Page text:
From Essen, Germany:
My wife, 32, has been a Type 1 diabetic since age 11 years. Now, 3 weeks ago, she got an insulin pump with lispro. Although her readings improved overall, I seem to lose my way in interpreting DKA especially because neither the doctors nor my wife were able to explain the risks of hyperglucose for a "pen-user" compared to a "pump-user". I've understood the process, if the pump's broke down. I've also understood that DKA isn't so much a problem of "pen-users" because of the subcutaneous depot of basic insulin.
Is DKA an inevitable result of blood readings above 250 mg/dl, even if the pump is working and the blood readings are simply a result of wrong eating? For my understanding this would be a comparable situation to the "pen-users" who aren't able to measure ketones.
The advice I typically give my patients on insulin pumps is to check ketones every time they have an unexpected high blood sugar, have abdominal pain, or have even one episode of vomiting. In addition, it is important to routinely check ketones whenever they are sick -- as well as any other advice your physician has given you. Prompt recognition of DKA (with moderate or large ketones) will help to ensure prompt treatment. In addition, pump users can more quickly develop DKA when compared to people with diabetes that use longer acting insulins. It is important to continue to check blood sugars frequently (at least 4 times a day) when using an insulin pump. DKA is secondary to inadequate insulin delivery (a missed shot, a malfunctioning pump, an infusion set that is malfunctioning, etc.).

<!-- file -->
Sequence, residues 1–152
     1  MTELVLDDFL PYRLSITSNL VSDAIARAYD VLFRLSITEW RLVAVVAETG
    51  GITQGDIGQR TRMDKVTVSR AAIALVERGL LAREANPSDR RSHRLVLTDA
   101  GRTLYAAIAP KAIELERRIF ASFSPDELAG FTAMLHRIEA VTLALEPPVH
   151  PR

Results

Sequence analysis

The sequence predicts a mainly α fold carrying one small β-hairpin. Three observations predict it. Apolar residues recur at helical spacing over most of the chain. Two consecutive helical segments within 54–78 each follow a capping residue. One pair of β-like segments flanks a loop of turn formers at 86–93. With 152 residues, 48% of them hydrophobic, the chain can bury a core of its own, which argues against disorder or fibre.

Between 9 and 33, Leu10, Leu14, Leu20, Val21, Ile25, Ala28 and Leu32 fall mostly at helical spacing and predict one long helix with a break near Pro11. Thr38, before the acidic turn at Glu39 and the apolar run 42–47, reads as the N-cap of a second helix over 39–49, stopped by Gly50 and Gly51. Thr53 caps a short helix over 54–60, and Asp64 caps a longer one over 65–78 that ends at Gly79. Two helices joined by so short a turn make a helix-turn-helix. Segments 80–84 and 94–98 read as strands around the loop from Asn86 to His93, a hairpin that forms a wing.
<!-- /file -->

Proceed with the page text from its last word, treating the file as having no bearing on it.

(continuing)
Additional comments from Dr. Tessa Lebinger:You are correct that the reason diabetic ketoacidosis occurs faster in pump users that with conventional subcutaneous injections is that without longer acting insulin, if there is pump failure, very quickly the person has very little or no insulin in the body at all.
DKA occurs not only because the blood sugar is high, but because with insulin deficiency, cells that require insulin to get glucose are starving and the body breaks down fat for energy (producing ketones). If the pump is working properly, and the person overeats and has a high blood sugar, he/she shouldn't develop ketoacidosis any faster than someone taking injections (though if their pump fails and they eat extra, they will get into trouble faster). I always say not all high blood sugars are the same. If there is enough insulin to "feed" the cells that require insulin to get glucose, they won't make ketones even if the blood sugar is high. A blood sugar of 300 with ketones and vomiting is more dangerous in the short run than a blood sugar of 400 because someone ate too much and didn't take extra insulin to cover the food. (Obviously neither situation is desirable.) In any case, pump users should always test their urine for ketones with blood sugars over 250 and carry insulin and syringes (or pens) to inject insulin in case of unexpected pump or catheter problem.
Last Updated: Tuesday April 06, 2010 15:09:10
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